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TCP/IP Stack changes: Tuning Webservers at a Low Level

     
11:28 am on Oct 9, 2009 (gmt 0)

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Is anyone here actively tuning the TCP/IP stack on their webserver OS ?

I find myself doing this at moment in order to get maximum performance out of a TCP/IP based system (not actually a webserver, but the technology is largely the same).

Solid article on this here:-

[isi.edu...]

Curious to hear any results from people that have experimented with such low level tweaking. My current objective is to reduce a large volume of TCP/IP socket connections that are sitting in a WAIT_STATE pending an ACK from a client that will never arrive (because the client has gone offline). It seems there are proposed mechanisms for achieving this and having the client handle the WAIT_STATE rather than the server.

I'm not sure if Apache is already doing such things, haven't delved into that code yet.

Anyone here messed around with this?

2:10 am on Oct 29, 2009 (gmt 0)

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Is anyone here actively tuning the TCP/IP stack on their webserver OS ?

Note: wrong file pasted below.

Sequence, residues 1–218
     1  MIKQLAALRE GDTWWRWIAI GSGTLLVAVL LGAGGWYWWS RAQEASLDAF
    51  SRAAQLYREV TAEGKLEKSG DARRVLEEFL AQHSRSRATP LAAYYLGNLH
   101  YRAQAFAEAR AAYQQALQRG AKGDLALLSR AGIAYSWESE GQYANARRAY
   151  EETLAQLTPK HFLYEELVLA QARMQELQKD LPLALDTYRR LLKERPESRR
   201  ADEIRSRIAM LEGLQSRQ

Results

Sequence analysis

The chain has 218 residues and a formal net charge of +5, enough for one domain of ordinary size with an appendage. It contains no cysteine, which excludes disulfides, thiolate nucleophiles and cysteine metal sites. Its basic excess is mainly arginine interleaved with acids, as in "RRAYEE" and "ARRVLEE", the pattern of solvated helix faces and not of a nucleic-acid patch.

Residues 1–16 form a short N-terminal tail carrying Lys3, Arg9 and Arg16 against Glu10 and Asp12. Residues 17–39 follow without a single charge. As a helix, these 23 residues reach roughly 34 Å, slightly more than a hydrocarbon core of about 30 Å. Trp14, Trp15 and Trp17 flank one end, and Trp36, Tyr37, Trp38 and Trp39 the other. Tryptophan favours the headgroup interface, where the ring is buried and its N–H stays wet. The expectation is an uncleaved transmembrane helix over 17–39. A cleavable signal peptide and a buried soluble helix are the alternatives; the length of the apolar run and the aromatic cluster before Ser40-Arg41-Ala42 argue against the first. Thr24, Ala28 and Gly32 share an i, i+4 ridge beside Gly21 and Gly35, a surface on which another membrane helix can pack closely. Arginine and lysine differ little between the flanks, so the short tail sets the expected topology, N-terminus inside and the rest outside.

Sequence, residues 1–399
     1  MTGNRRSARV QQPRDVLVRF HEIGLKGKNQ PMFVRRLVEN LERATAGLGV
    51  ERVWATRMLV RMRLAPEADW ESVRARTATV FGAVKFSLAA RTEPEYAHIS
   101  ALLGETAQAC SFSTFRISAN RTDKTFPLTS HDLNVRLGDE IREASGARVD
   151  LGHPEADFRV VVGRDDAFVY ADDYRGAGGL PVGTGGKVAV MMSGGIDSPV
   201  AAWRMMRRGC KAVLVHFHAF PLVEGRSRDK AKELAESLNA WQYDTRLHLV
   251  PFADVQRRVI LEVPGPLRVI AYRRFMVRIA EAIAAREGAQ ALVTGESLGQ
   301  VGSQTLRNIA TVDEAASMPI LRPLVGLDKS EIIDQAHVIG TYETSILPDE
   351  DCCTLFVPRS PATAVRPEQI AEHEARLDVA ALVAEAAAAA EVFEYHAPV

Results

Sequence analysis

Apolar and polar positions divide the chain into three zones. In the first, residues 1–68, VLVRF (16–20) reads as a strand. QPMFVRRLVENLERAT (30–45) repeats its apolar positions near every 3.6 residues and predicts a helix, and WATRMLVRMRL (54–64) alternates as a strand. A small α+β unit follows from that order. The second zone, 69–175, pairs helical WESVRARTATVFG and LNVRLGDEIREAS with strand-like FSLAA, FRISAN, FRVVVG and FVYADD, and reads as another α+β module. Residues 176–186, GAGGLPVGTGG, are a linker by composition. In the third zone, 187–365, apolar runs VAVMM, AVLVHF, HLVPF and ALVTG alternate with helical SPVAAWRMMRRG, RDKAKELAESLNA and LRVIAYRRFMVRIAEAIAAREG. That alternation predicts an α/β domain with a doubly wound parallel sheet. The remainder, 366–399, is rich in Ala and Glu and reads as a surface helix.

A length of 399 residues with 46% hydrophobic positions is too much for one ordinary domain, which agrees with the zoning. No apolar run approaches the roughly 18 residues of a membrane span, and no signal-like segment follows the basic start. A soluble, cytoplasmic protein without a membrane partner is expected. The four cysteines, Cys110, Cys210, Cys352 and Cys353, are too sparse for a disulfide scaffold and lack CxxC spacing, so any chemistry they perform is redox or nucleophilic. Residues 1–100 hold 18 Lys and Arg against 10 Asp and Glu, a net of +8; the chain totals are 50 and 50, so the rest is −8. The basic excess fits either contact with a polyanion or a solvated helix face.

We'll take that as a "no", shall we? ;) Have you had any good results so far with your tweaking?

1:32 am on Nov 1, 2009 (gmt 0)

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I would use the ideas from Yslow first before trying these.
I do get a lot of hanging httpd sessions, and if my sites become slow, a cron job just restarts the httpd. Not a nice solution, but works for me.

Also you can search at the Apache forums, or join us at the ApacheCon next week :-)
3:05 pm on Nov 25, 2009 (gmt 0)

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Have you had any good results so far with your tweaking?

It's been, let's say, interesting. I've learned a lot about the lower level workings of TCP/IP, SYN and ACK signals etc and how they can get delayed but not ignored (part of the protocol design).

But I can't say that I've found anything particularly useful just yet.

I would use the ideas from Yslow first before trying these.

I'm actually tweaking a TCP/IP based application which isn't for the web. I thought of asking because of course HTTP servers are essentially TCP/IP based. I'll take a look at Yslow though - there might be some useful config tidbits in there - thanks for the heads up.

10:56 pm on Nov 25, 2009 (gmt 0)

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It depends on the application, but if connection tracking is not needed and packet sizes are not to large, you could switch from TCP to UDP.
9:50 pm on Dec 1, 2009 (gmt 0)

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you could switch from TCP to UDP.

Not an option. UDP breaks NAT and Firewall traversal (if user can access my webpage, I know that TCP/IP port 80 will work).

 

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